Chechessee Creek Club
Seventh hole, 180 yards; With Chechessee Creek and the tidal marsh on the left,the tranquil setting belies the fact that this is a tough par. A roughed up mound sixty yards shy of the green creates depth perception problems which are compounded by one of the more severe false fronts on the course. Most golfers find themselves coming up short of this green, which is ringed with trouble. Over time, even the best golfers become satisfied by hitting the middle of the green.
Eighth hole, 440 yards; In between the dogleg left 435 yard sixth and the 465 yard dogleg right ninth lies this brute, the most heavily bunkered hole on the course with eight. Unless a good tee ball is away, a pair of cross bunkers that angle across the fairway fifty yards shy of the green become problematic.
Eleventh hole, 210 yards; When the golfer first glances at thescore card and sees a 6,600 yard course, he may think that the need for long iron shots will be few and far between – and he would be wrong. With six of the two shotters longer than 400 yards and three of the one shotters longer than 190 yards, the golfer’s long iron game gets a work out, even in still conditions.
Twelfth hole, 340 yards; Courses built 75 years ago rarely featured numerous forced carries, and this is the sole forced carry on the course of any meaningful distance (the one on the fifteenth is less than 60 yards). Without doubt though, the wedge approach is the trickier of the two shots for the better player. This green is the only one that is wider than it is deep and features a bunker that eats into the middle of it, creating a bit of a horseshoe green. When the hole is located directly behind the bunker, the golfer is wise to use the green’s contours as a back stop.
Thirteenth hole,165 yards; Though one should never lose a ball at Chechessee, playing to one’s handicap remains quite the task. In many ways, the thirteenth epitomizes the challenge: Within reach of all skill sets, the target (i.e. the green) is elusive to find and if missed, then three shots are more likely to be required than two.
Fourteenth hole, 405 yards; Risk reward decisions abound off the tee at Chechessee. The golfer who hits it around 230 yards generally finds the widest spots in the fairway while the golfer intent on hitting it 275 yards is often required to shape the ball into a narrower neck. Both skill sets have equal fun playing the course.
Fifteenth hole, 600 yards; When Coore was trying to determine the ideal routing, his only real guide posts were the stunning specimen trees such as live and angel oaks that dot the property. The fifteenth is a perfect example of how the sighting of two such trees led to the creation of a particular hole. 150 yards shy of the green on the right is a low lying live oak. Up by the green is another oak. If the golfer is willing to take on the first live oak and the enormous bunker just past it, he is rewarded with a clean look down the length of the green. As he shies away from the first live oak, the second one creates more and more of an awkward approach.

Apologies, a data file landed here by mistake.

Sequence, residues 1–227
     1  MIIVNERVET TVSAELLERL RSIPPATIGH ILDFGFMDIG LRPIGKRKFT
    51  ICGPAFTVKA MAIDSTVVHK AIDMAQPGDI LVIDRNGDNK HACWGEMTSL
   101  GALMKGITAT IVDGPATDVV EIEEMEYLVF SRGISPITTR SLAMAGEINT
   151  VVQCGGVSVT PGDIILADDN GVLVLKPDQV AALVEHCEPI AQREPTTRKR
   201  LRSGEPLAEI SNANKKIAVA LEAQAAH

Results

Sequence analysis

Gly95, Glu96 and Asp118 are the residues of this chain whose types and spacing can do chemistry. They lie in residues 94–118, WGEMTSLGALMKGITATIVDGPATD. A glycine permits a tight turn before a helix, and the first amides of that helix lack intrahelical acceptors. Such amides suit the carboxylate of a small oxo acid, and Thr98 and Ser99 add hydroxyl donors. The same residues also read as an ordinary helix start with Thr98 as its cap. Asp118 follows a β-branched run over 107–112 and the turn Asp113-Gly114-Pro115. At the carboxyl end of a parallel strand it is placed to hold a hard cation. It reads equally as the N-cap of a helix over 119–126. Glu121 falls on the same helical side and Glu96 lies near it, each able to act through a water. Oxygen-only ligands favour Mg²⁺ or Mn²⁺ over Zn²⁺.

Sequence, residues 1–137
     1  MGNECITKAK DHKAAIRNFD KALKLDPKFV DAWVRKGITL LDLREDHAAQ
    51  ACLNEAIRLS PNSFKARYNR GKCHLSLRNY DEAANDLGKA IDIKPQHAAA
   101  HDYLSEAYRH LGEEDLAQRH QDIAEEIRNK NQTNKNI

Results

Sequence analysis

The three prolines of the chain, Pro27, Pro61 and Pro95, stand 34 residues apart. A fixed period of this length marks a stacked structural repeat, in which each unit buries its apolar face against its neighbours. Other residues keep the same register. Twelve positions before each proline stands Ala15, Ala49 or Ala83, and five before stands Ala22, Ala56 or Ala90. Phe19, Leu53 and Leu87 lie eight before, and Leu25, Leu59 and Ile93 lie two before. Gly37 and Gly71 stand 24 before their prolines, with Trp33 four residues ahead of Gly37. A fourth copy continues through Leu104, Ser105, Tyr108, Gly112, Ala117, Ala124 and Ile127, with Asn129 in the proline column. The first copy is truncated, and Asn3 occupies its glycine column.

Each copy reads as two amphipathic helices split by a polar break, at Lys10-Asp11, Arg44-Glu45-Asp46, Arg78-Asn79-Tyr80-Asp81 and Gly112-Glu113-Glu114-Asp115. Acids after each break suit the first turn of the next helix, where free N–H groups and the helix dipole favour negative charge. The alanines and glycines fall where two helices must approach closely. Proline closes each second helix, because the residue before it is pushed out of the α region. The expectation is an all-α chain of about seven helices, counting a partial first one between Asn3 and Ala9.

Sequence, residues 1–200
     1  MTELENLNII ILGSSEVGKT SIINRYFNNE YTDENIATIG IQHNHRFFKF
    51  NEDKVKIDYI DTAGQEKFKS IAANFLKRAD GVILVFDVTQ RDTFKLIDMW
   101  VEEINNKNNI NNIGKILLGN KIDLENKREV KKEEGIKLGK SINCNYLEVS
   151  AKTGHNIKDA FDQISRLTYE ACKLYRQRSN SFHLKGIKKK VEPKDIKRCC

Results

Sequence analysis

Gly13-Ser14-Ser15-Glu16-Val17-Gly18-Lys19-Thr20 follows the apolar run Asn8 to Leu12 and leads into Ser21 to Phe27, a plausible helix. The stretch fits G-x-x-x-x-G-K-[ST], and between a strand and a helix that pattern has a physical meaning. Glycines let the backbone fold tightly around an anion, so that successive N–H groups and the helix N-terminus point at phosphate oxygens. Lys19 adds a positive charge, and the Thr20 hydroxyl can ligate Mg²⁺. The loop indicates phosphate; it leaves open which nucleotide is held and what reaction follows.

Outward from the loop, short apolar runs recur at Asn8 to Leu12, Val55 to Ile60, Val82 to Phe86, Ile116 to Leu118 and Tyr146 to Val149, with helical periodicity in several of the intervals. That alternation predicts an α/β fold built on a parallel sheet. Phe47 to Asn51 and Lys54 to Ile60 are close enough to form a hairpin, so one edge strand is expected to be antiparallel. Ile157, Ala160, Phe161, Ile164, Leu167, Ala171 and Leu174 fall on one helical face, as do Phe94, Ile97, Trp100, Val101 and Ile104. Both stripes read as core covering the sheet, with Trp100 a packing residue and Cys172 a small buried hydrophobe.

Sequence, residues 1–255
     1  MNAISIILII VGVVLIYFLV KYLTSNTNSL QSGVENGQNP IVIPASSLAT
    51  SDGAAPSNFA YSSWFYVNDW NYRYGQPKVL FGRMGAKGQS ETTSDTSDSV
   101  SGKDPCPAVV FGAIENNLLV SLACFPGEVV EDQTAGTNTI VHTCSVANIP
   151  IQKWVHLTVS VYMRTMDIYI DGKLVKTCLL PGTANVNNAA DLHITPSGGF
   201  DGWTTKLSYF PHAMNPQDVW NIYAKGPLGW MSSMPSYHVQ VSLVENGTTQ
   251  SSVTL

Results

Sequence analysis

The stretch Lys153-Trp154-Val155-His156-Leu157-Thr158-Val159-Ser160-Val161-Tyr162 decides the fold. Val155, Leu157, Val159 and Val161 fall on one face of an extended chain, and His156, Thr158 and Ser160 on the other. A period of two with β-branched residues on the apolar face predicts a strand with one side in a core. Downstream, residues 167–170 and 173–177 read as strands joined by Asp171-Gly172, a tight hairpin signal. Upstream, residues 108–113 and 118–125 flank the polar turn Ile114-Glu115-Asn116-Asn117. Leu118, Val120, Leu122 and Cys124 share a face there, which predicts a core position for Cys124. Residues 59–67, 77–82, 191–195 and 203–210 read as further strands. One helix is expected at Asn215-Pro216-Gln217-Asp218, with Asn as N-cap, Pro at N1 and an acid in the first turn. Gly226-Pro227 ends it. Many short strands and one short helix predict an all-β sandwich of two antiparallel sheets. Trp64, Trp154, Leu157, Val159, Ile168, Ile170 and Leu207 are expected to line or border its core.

Sixteenth hole, 245 yards; Of all the famous holes in the world, the author’s least favorite is the sixteenth at Carnoustie Golf Links. At 245 yards, the author likes the half par distance but the sixteenth at Carnoustie is a complete bore to play as it is bunkered tightly left and right. Only one type shot will do and little thought is required. Conversely, the sixteenth at Chechessee is at that same appealingly awkward length but the golfer is free to play it any number of ways.
Seventeenth hole, 335 yards; Pete Dye preaches about angles. Bill Coore, who once worked for Dye, perfects the notion of multiple playing angles here at the seventeenth. This two shotter may be drivable under certain conditions provided that the golfer is willing to attempt the direct route, which requires a 255 yard carry over a wetland area and a pair of bunkers. Otherwise, the golfer can progressively aim left and take less chance off the tee. A wonderful penultimate hole, it also offers a great change of pace between the long fifteenth, sixteenth, and eighteenth holes.
As compared to the other Coore & Crenshaw courses profiled on this site, trees play a fundamental role in suggesting how to play/shape certain balls: the lone pine in the fairway on the fifth, the pine 200 yards off the ninth tee, the trees tight down the right edge the twelfth fairway, the pine protruding into the fourteenth fairway, the live oaks on the fifteenth, the lone pine on the seventeenth, and a nest of trees on the inside of the eighteenth dogleg. They had no such decisions at Sand Hills but the use of select trees is a good example of Coore & Crenshaw adapting their style to take advantage of a site’s natural attributes.
Chechessee Creek is what most architects talk about: a timeless, low profile course that is fun for all. The one difference is that Coore & Crenshaw and the Boys actually delivered the final product.